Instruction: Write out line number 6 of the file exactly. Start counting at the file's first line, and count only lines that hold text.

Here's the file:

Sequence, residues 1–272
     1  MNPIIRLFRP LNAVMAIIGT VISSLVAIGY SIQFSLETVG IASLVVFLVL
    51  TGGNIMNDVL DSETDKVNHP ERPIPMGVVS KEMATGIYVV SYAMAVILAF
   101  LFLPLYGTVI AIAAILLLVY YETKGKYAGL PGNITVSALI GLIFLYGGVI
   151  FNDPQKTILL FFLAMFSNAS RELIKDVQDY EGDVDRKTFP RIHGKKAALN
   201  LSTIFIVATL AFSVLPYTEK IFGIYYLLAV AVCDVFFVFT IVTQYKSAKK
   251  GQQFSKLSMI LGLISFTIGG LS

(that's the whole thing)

   201  LSTIFIVATL AFSVLPYTEK IFGIYYLLAV AVCDVFFVFT IVTQYKSAKK